How-To: Remove Mold Lines

Everyone's had them...The all too common and continuously critiqued mold lines.  A great paint job can't cover them up, and as you'll see below, the worst casts and misalignments can really be a hassle if you don't know how to attack the problem. 

Here's a list and picture of what you'll need to clean up those minis and have them looking sharp after the painting is done!  Keep in mind some tools will do more than one job, and not every tool is needed on each job.
Any Miniature (they ALL have mold lines)
Needle files
Pin vise and bits
Hobby knife
Scraping tools (I like old dental picks)
Hobby or Wire cutters

Here's what I'll be using:
tools
Some alternative tools that you may not have thought about:
tools2 A Swiss Army knife or old set of nail clippers usually have a file on them that will work for most of the common and easy to reach mold lines.  Remember if you're using files on older LEAD miniatures, that you wash your hands and the files thoroughly after you're finished.
Step 1:  Initial Assessment and Rough Trimming

Take a good look and carefully inspect your miniature before you start hacking with the files.  Some parts may need a more aggressive technique than others.  Use good lighting and rotate each piece to see where the lines run. This is where I cut the arms from the sprue if needed and look for loose metal hanging on the mini.

body

You can clearly see this Turkina has some heavy miscast lines along the torso.  Unfortunately it runs right across the LRM tubes.  I'll show you how to fix this soon enough.
The legs have the usual light cast lines that you commonly see on miniatures.  Look closely at the right leg and the inner left leg and you'll see them.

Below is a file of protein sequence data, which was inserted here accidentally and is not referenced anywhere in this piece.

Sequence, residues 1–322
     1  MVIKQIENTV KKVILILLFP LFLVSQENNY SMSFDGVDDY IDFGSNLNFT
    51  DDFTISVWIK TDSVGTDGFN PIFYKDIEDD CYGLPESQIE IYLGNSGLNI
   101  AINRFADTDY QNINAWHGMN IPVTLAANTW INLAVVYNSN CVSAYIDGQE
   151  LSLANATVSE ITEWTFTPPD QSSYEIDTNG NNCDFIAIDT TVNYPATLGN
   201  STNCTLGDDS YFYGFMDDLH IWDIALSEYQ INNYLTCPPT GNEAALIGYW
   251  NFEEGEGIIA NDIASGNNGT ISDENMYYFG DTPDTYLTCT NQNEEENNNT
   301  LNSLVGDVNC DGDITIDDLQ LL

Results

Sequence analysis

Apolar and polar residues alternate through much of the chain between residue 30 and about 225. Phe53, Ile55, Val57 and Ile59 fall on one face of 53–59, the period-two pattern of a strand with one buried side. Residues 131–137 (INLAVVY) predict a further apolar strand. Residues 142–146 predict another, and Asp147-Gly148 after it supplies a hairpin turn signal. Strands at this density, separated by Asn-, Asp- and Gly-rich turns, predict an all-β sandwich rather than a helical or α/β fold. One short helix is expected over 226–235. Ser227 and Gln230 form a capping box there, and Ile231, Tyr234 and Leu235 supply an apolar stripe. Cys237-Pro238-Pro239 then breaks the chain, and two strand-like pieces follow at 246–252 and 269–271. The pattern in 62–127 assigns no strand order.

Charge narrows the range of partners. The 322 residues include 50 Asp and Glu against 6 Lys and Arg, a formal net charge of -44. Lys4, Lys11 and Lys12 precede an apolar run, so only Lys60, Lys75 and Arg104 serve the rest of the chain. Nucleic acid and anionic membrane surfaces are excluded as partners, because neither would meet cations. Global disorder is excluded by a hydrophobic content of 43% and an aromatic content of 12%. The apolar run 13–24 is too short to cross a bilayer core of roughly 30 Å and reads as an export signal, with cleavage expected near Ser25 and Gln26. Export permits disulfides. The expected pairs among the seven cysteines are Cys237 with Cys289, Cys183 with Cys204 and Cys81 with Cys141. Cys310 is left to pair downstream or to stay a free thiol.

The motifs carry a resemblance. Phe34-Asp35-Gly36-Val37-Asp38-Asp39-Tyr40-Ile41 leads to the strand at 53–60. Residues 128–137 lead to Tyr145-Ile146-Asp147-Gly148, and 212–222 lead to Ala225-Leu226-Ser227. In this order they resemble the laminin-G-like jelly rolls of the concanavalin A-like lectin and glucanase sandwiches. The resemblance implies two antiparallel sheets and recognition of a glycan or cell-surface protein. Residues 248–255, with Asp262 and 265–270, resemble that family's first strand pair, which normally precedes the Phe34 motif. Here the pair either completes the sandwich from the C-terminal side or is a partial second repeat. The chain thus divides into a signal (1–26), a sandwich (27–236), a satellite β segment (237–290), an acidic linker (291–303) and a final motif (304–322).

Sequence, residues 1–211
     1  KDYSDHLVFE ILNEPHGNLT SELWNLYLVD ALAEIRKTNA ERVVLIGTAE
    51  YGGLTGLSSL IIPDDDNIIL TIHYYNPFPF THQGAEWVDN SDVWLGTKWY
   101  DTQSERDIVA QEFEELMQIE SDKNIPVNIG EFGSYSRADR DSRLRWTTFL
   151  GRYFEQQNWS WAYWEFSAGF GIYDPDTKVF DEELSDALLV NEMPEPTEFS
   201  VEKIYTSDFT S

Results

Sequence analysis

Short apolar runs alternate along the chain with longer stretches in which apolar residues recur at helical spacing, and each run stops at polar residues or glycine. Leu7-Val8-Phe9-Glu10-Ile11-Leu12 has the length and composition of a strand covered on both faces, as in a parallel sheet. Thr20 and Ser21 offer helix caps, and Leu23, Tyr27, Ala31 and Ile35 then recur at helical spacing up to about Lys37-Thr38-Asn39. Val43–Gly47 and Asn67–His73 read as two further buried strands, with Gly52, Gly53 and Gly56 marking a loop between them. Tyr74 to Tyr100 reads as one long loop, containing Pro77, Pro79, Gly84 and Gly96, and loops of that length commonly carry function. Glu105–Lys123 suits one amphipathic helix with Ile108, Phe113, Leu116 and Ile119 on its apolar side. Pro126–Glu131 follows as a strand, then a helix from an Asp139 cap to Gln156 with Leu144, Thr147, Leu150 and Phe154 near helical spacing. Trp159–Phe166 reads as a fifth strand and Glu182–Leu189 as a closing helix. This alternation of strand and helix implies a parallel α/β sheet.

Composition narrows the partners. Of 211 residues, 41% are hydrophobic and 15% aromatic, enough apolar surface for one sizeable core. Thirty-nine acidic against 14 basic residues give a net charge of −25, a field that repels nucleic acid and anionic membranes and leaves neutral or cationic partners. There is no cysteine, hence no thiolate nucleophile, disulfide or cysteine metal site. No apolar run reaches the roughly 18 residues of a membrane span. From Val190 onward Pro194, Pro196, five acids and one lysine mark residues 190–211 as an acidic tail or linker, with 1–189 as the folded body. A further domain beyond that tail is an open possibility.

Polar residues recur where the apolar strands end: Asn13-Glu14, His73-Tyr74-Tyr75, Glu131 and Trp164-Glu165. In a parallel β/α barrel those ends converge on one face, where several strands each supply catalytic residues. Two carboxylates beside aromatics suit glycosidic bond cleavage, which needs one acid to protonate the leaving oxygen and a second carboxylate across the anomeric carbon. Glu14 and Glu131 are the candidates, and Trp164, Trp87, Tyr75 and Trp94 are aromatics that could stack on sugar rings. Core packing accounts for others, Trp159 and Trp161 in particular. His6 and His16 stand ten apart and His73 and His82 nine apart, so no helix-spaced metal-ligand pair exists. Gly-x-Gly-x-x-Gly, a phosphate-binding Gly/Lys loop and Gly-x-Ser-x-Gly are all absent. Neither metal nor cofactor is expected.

The arms have some light and moderate lines along the back, as well as some flash from the mold sprue.

Remove flash and sprue using your hobby knife or the wire cutters.  A gentle scraping motion should do the trick. You can also use a hobby knife to remove mold lines where you would use a needle file.  A very gentle scraping motion will work well but be careful where as a needle file won't cut you, a hobby knife will make you painfully aware of when you're getting too aggressive. 
Step 2:  General Filing and Scraping
Take a needle file and start to file away the easy to reach and most prominent mold lines.  A gentle touch will be more effective than an aggressive approach.  You can always take more away, but if you go too far, you lose detail.  After you've finished with your files, go back and look at the mini again.  Look for small lines or recessed cracks and panels that your file can't get to and attack them with your hobby knife or dental pick.

As you can see with the arm portion the circular panel lines were slightly covered by the flash and the filing done.  Just take your dental pick or hobby knife and re-trace the lines a few times to get the panels looking sharp again.